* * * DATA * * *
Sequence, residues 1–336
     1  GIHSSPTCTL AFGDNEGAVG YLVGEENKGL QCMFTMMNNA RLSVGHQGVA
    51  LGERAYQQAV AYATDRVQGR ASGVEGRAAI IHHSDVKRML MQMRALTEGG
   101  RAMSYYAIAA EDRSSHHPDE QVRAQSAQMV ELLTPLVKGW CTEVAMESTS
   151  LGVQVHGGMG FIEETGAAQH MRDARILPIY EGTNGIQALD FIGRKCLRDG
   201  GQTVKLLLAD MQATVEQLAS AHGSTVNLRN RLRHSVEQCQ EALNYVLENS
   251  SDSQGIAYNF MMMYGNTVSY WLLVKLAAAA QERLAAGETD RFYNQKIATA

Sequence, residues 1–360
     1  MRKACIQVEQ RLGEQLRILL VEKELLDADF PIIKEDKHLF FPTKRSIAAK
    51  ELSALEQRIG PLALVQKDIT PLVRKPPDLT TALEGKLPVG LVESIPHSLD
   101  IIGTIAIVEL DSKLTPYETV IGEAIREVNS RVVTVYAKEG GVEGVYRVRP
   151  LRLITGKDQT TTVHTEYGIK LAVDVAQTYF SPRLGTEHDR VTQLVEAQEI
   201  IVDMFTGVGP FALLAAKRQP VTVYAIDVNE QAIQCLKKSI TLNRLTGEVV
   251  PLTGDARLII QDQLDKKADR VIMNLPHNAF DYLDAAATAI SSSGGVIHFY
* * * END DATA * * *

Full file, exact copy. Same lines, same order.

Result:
Sequence, residues 1–336
     1  GIHSSPTCTL AFGDNEGAVG YLVGEENKGL QCMFTMMNNA RLSVGHQGVA
    51  LGERAYQQAV AYATDRVQGR ASGVEGRAAI IHHSDVKRML MQMRALTEGG
   101  RAMSYYAIAA EDRSSHHPDE QVRAQSAQMV ELLTPLVKGW CTEVAMESTS
   151  LGVQVHGGMG FIEETGAAQH MRDARILPIY EGTNGIQALD FIGRKCLRDG
   201  GQTVKLLLAD MQATVEQLAS AHGSTVNLRN RLRHSVEQCQ EALNYVLENS
   251  SDSQGIAYNF MMMYGNTVSY WLLVKLAAAA QERLAAGETD RFYNQKIATA

Sequence, residues 1–360
     1  MRKACIQVEQ RLGEQLRILL VEKELLDADF PIIKEDKHLF FPTKRSIAAK
    51  ELSALEQRIG PLALVQKDIT PLVRKPPDLT TALEGKLPVG LVESIPHSLD
   101  IIGTIAIVEL DSKLTPYETV IGEAIREVNS RVVTVYAKEG GVEGVYRVRP
   151  LRLITGKDQT TTVHTEYGIK LAVDVAQTYF SPRLGTEHDR VTQLVEAQEI
   201  IVDMFTGVGP FALLAAKRQP VTVYAIDVNE QAIQCLKKSI TLNRLTGEVV
   251  PLTGDARLII QDQLDKKADR VIMNLPHNAF DYLDAAATAI SSSGGVIHFY